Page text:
One week ago I would have been excited to say that I was going to be starting the triathlon season at the Parris Island Sprint Triathlon. That was before I received a text from good friend, Mike Lambert, saying that he had an opening on his Palmetto 200 team that needed to be filled. The Palmetto 200 is a 200 mile relay race between 12 people that begins on a Friday morning in Lexington, SC and ends in Charleston, SC during the day on Saturday. After unsuccessfully trying to find someone to fill the spot, I agreed to fill in if we could make the legs work around the Parris Island Sprint Triathlon which was Saturday morning. This may sound crazy, but how often do I get the chance to literally do 2 races at the same time!
I arrived to the start line of the Palmetto 200 at 5:10 am Friday for the 5:30 am start and met my teammates in Van 1. Normally, 6 people will travel in 2 separate vans to rotate runners throughout the race. Since I had to maneuver other travel arrangements, I brought my car so I could take care of business between legs. I was the lead runner for our team and would set the pace for the group. I had only met a few people on our team before and was told that we were starting an hour earlier than most teams because they were expecting to run slower. This probably confused some people as I took off at the start at a very intimidating pace.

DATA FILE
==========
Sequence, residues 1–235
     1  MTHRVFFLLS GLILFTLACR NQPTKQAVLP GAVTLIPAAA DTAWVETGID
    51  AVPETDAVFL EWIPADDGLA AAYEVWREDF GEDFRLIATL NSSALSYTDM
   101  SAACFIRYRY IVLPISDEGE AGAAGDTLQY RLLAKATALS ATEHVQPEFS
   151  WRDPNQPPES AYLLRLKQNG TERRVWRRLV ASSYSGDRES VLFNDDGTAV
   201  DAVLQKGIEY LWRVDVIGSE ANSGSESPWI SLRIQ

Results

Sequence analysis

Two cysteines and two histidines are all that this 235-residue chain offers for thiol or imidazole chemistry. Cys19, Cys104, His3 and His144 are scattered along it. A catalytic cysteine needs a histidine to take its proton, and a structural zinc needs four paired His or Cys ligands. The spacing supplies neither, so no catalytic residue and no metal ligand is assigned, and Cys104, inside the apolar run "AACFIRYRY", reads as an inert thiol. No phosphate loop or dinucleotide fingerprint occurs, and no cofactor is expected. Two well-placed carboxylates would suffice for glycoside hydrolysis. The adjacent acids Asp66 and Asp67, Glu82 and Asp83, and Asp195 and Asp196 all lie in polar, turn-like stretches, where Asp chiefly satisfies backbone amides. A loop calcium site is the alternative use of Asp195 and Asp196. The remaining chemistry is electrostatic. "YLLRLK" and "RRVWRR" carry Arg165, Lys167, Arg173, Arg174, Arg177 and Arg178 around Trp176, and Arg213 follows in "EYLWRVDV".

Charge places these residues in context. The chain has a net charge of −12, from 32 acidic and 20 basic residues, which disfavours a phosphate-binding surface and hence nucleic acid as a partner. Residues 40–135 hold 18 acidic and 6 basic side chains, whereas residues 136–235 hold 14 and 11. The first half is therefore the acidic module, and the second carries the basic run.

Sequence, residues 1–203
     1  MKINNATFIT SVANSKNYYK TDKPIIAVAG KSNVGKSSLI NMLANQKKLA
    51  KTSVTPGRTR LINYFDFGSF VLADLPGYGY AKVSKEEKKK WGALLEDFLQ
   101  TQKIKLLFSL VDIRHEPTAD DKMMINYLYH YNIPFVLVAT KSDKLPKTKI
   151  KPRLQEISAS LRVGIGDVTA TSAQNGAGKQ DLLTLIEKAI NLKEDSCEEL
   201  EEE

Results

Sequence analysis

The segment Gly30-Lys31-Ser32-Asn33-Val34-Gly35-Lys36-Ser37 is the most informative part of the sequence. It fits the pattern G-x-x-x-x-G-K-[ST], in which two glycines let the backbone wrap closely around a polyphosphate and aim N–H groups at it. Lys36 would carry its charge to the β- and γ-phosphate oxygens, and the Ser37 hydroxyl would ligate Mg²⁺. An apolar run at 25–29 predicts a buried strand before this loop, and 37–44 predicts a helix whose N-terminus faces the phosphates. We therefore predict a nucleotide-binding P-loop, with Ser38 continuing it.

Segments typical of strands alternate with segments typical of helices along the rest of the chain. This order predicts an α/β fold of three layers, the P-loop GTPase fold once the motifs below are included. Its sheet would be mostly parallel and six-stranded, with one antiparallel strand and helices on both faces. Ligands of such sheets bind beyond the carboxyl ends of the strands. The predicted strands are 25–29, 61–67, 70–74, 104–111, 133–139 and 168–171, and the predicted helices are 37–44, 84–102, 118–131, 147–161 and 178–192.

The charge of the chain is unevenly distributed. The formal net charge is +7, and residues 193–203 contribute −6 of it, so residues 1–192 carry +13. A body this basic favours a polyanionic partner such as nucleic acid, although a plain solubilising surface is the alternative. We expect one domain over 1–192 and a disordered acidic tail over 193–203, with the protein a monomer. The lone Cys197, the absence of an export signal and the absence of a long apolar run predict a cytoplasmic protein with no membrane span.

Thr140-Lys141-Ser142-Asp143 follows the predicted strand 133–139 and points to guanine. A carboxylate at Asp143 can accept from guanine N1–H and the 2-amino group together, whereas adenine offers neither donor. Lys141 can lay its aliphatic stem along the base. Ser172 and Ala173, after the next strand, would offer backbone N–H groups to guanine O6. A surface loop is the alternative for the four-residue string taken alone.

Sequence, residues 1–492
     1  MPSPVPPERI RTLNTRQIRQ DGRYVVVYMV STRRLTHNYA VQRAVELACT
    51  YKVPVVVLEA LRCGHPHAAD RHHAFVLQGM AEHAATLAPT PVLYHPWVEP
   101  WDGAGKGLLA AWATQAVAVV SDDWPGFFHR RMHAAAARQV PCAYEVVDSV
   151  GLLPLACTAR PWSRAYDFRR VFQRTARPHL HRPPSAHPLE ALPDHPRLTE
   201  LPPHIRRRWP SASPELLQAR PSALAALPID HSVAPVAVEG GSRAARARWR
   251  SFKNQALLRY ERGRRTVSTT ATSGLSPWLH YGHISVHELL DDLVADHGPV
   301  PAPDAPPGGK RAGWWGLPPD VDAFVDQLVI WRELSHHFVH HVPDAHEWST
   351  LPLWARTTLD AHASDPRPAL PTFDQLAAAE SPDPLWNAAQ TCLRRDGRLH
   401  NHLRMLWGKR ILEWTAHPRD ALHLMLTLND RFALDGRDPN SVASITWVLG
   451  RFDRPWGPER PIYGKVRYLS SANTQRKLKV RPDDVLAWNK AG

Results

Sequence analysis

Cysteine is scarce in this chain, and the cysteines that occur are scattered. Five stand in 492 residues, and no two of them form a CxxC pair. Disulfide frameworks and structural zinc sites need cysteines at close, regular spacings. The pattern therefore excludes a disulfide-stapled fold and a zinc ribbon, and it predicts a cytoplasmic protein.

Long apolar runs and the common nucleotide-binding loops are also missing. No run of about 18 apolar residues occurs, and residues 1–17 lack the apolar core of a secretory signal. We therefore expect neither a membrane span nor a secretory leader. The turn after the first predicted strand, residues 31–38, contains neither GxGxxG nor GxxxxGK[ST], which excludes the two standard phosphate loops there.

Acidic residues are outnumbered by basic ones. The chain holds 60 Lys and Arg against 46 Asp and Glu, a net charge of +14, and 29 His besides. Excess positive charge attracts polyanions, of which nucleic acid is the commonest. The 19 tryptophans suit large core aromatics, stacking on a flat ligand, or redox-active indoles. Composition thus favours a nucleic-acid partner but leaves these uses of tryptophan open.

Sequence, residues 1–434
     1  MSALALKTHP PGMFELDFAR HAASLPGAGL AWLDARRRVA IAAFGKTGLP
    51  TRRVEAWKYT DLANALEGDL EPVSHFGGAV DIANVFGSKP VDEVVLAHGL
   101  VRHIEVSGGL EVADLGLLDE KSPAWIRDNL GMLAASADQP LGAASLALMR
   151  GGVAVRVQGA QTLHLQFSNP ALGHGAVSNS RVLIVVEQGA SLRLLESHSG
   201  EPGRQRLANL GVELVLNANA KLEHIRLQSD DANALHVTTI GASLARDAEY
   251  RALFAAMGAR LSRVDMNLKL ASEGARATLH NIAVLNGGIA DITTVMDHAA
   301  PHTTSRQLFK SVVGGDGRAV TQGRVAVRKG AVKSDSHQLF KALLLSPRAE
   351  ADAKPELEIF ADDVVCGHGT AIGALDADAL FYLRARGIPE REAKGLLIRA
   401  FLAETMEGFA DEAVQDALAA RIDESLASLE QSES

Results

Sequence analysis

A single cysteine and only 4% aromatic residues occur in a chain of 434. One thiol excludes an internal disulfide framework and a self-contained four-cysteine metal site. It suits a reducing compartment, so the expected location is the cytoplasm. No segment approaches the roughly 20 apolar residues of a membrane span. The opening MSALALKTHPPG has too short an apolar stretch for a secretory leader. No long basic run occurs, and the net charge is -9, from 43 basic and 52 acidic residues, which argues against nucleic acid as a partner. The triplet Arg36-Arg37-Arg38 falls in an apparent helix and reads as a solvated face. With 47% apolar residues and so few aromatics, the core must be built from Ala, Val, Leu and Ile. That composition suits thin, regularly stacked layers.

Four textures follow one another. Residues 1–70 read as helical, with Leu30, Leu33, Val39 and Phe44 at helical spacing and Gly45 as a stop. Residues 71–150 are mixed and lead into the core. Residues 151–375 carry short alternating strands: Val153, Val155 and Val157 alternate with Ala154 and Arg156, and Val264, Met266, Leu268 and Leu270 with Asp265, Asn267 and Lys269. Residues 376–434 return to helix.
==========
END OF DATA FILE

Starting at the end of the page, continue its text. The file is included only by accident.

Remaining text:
Wearing my neon orange Strictly Running jersey, neon yellow compression socks, reflective vest, front light, back light, and headlamp, I blazed through the night to give my team an obnoxious lead. The goal was to cover ground efficiently so that I would have plenty left for Parris Island, yet still provide a buffer to the next team. The course was rolling country roads through Red Bank that ended at a local church after 6.7 miles. I managed to cover the distance averaging 6:21 min/miles without feeling too bad. I got to hand off to Mike who had about a 10 mile leg to do. After finding him on the course and cheering him on, the team captain, Heather (our team name was “Heather Made Us Do It”), drove me back to my car so I could go pack for my trip to Parris Island.
After getting everything ready, I made the trip to St Matthew’s for my next leg which started around noon. This course was only 5.5 miles but had a couple longer hills and it was starting to heat up a bit outside. Heat always has a tendency to bring up my heart rate a good amount so I knew I had to be extra careful on this leg. My dad came to watch this leg on his motorcycle and got some good footage with his new GoPro. You can see me at about minute 8 after he catches up to me from passing the 2nd and 3rd place runners. We still had a great lead but the teams that had started later were starting to reel in time quickly. I managed to cover this leg in 6:12 min/miles with a little more effort than before, but still not more than what I might do for a harder endurance run in workouts.